In light of this summer's many scandals - Michael Vick, Tim Donaghy, the Tour de France - a CBC Radio show invited a sports reporter to take calls from listeners last week. Simon Dingley, who works for the CBC, used the opportunity to take several shots at his profession.
He began by telling how a prominent NHL agent took several members of the hockey media on a junket to Scotland a few years ago, all expenses paid. Of course, the hopeless conflict of interest got no mention in any of their stories. “If you want to be taken seriously as a reporter, you can’t be taking gifts from the people you cover,” says Dingley.
But the more typical problem is the cozy day-to-day relationship between team and reporter. “Many sports media… particularly TV and radio, don’t really question the athletes too hard, because they fear being turned down for future interviews," says Dingley. "They’ll often ask softball questions that, quite frankly, news reporters would be embarrassed to ask.”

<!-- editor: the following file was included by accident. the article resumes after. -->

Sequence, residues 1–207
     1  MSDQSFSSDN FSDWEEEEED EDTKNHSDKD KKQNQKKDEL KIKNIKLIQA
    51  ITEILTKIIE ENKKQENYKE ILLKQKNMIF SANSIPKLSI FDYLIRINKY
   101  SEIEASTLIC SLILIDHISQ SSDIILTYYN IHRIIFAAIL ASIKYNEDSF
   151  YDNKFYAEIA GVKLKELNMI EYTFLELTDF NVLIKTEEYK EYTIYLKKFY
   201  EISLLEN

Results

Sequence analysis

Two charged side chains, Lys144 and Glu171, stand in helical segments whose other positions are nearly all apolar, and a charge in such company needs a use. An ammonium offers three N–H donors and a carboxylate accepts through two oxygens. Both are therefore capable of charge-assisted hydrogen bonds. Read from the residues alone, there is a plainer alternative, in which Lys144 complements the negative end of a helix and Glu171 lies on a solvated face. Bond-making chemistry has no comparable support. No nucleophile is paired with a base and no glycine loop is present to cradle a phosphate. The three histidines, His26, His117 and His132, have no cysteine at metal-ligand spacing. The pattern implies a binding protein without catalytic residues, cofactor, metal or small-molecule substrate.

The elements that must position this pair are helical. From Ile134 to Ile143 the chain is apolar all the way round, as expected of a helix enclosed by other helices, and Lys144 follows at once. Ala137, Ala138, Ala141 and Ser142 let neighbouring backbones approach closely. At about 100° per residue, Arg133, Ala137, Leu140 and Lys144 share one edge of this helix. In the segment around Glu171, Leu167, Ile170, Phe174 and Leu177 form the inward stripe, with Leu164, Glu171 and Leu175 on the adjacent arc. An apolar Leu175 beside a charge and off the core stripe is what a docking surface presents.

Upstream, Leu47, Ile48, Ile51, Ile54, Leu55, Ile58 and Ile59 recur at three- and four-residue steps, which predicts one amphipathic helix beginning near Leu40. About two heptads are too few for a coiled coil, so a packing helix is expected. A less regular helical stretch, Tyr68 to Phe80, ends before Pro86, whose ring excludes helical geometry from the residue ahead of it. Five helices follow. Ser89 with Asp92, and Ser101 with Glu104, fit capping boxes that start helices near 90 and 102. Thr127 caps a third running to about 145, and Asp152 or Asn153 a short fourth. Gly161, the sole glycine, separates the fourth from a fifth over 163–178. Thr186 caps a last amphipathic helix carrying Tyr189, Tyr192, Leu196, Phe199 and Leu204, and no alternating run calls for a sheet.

It's worse than that, suggests William Houston at Globeandmail.com: "in some cases, it is also about wanting to be an athlete's friend (which isn't going to happen) and trepidation over inciting an unfriendly reaction."
Avoiding conflicts of interest, keeping a professional distance, asking the impolite but necessary question - they teach this stuff in Journalism 101. But it seems the butt-kissers and toadies - the "jock sniffers" as they're known - remain a fixture of the press box.
Of course, there are plenty of irresponsible bloggers too. But the same standards don't apply. Sports blogging isn't a profession. It's the unfiltered, unedited, happily biased voice of the fan. It's great, and it improves the media landscape. But it's not journalism.
Until mid-September you can find the entire phone-in show archived at the "Ontario Today" website, under the heading "Sports Scandal Phone-In."
Photo: Ryan Smyth meets the press (Mike Stobe/Getty Images)